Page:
THE ISLE OF UNREST ***
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THE ISLE OF UNREST
BY HENRY SETON MERRIMAN
GOING TO THE WARS
Tell me not, sweet, I am unkind That from the nunnery Of thy chaste breast, and quiet mind, To war and arms I fly.
True: a new mistress now I chase, The first foe in the field; And with a stronger faith embrace A sword, a horse, a shield.
Yet this inconstancy is such As you too shall adore; I could not love thee, dear, so much Lov'd I not honour more.
I. THE MOVING FINGER II. CHEZ CLÉMENT III. A BY-PATH IV. A TOSS-UP V. IN THE RUE DU CHERCHE-MIDI VI. NEIGHBOURS VII. JOURNEY'S END VIII. AT VASSELOT IX. THE PROMISED LAND X. THUS FAR XI. BY SURPRISE XII. A SUMMONS XIII. WAR XIV. GOSSIP XV. WAR XVI. A MASTERFUL MAN XVII. WITHOUT DRUM OR TRUMPET XVIII. A WOMAN OF ACTION XIX. THE SEARCH XX. WOUNDED XXI. FOR FRANCE XXII. IN THE MACQUIS XXIII. AN UNDERSTANDING XXIV. "CE QUE FEMME VEUT" XXV. ON THE GREAT ROAD XXVI. THE END OF THE JOURNEY XXVII. THE ABBÉ'S SALAD XXVIII. GOLD XXIX. A BALANCED ACCOUNT XXX. THE BEGINNING AND THE END
THE ISLE OF UNREST
THE MOVING FINGER.
"The Moving Finger writes; and, having writ, Moves on: nor all thy piety nor wit Shall lure it back to cancel half a line, Nor all thy tears wash out a word of it."
The afternoon sun was lowering towards a heavy bank of clouds hanging still and sullen over the Mediterranean. A mistral was blowing. The last yellow rays shone fiercely upon the towering coast of Corsica, and the windows of the village of Olmeta glittered like gold.
There are two Olmetas in Corsica, both in the north, both on the west coast, both perched high like an eagle's nest, both looking down upon those lashed waters of the Mediterranean, which are not the waters that poets sing of, for they are as often white as they are blue; they are seldom glassy except in the height of summer and sailors tell that they are as treacherous as any waters of the earth. Neither aneroid nor weather-wisdom may, as a matter of fact, tell when a mistral will arise, how it will blow, how veer, how drop and rise, and drop again. For it will blow one day beneath a cloudless sky, lashing the whole sea white like milk, and blow harder to-morrow under racing clouds.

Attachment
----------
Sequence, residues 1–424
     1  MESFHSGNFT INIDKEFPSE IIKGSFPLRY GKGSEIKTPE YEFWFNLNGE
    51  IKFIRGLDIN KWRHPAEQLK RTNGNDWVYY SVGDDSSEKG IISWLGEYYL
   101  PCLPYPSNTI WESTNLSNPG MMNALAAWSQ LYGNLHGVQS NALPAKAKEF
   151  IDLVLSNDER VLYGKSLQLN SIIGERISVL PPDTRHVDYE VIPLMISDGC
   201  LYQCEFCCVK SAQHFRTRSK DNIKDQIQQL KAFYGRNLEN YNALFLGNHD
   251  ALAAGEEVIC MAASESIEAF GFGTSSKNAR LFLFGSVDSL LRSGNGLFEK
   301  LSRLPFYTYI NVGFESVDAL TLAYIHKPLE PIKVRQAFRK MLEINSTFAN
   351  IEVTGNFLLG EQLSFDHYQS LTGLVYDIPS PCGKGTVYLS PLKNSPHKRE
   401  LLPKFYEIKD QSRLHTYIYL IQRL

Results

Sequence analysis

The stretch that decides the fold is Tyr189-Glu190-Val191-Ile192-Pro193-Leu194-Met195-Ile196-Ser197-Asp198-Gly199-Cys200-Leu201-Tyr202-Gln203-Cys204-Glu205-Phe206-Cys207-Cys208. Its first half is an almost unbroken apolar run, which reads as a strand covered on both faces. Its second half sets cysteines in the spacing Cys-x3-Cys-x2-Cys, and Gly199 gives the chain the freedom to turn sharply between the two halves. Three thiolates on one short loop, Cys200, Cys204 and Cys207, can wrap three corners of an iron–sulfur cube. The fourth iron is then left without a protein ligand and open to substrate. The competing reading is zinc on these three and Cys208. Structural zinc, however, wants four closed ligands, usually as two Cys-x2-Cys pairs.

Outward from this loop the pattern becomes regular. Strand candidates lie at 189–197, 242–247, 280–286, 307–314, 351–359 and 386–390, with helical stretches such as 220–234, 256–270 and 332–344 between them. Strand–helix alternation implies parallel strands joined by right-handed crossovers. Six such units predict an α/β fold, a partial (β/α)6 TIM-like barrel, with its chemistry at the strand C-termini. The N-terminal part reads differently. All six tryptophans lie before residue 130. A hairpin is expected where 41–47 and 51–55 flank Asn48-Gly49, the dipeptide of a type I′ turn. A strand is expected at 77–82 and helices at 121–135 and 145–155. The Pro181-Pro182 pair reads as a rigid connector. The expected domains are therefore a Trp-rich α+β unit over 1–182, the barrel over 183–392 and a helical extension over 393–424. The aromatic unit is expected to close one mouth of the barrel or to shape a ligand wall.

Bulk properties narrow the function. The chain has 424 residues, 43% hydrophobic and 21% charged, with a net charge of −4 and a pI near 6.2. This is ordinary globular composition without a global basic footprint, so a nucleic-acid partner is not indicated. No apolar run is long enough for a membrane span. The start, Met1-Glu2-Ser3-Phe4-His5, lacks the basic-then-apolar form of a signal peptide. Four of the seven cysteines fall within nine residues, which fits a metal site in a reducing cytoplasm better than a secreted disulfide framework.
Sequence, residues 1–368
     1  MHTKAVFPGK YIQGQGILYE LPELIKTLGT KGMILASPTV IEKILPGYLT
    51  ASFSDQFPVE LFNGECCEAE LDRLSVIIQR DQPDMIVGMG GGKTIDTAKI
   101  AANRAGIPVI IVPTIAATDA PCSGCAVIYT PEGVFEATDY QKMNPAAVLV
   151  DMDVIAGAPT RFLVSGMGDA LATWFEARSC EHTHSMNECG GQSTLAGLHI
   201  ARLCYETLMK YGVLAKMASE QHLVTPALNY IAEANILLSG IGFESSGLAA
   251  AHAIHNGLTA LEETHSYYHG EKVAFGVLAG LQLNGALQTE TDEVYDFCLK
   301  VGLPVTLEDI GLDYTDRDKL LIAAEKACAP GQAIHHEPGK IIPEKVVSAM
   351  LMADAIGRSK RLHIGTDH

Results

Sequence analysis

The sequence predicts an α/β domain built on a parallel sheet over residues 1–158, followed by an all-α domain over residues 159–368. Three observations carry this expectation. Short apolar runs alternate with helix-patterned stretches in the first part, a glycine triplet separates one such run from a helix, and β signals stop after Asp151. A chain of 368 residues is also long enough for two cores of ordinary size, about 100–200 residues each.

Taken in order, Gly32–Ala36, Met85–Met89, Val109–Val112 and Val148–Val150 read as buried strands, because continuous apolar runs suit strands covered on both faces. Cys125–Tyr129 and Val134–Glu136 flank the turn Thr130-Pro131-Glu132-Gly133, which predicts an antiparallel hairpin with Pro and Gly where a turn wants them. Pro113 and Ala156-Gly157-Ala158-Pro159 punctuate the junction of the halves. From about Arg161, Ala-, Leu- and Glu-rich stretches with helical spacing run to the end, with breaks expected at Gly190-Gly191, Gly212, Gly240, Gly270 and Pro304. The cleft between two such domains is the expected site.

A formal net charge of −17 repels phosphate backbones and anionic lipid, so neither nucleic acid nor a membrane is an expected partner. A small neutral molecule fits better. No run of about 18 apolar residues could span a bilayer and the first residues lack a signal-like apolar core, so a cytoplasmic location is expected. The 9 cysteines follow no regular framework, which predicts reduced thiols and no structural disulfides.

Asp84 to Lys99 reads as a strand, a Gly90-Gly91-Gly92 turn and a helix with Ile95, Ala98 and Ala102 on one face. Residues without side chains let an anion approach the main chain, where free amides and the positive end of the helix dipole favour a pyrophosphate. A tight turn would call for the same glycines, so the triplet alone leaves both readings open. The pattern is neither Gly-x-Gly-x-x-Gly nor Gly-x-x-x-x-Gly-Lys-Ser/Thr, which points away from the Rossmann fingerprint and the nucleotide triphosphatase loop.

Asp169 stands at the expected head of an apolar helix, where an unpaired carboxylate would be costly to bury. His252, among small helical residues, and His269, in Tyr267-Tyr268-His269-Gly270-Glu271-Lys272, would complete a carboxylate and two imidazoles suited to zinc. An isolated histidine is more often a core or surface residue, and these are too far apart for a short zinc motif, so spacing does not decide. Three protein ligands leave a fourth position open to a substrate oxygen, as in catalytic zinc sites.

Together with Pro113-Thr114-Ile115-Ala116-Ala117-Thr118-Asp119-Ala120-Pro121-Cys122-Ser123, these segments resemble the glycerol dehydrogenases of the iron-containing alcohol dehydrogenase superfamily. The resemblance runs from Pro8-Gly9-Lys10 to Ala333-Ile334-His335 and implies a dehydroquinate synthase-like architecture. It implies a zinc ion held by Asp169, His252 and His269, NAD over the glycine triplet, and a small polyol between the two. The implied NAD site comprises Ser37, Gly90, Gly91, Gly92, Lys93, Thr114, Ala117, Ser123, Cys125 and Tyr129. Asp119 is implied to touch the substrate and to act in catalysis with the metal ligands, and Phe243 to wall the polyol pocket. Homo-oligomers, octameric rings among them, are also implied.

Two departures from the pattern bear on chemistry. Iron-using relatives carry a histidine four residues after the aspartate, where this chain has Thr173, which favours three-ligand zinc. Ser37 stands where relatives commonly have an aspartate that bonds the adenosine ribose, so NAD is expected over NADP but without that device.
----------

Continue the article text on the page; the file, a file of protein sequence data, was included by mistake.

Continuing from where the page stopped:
The great chestnut trees in and around Olmeta groaned and strained in the grip of their lifelong foe. The small door, the tiny windows, of every house were rigorously closed. The whole place had a wind-swept air despite the heavy foliage. Even the roads, and notably the broad "Place," had been swept clean and dustless. And in the middle of the "Place," between the fountain and the church steps, a man lay dead upon his face.
It is as well to state here, once for all, that we are dealing with Olmeta-di-Tuda, and not that other Olmeta--the virtuous, di Capocorso, in fact, which would shudder at the thought of a dead man lying on its "Place," before the windows of the very Mairie, under the shadow of the church. For Cap Corse is the good boy of Corsica, where men think sorrowfully of the wilder communes to the south, and raise their eyebrows at the very mention of Corte and Sartene--where, at all events, the women have for husbands, men--and not degenerate Pisan vine-snippers.
It was not so long ago either. For the man might have been alive to-day, though he would have been old and bent no doubt; for he was a thick-set man, and must have been strong. He had, indeed, carried his lead up from the road that runs by the Guadelle river. Was he not to be traced all the way up the short cut through the olive terraces by one bloody footprint at regular intervals? You could track his passage across the "Place," towards the fountain of which he had fallen short like a poisoned rat that tries to reach water and fails.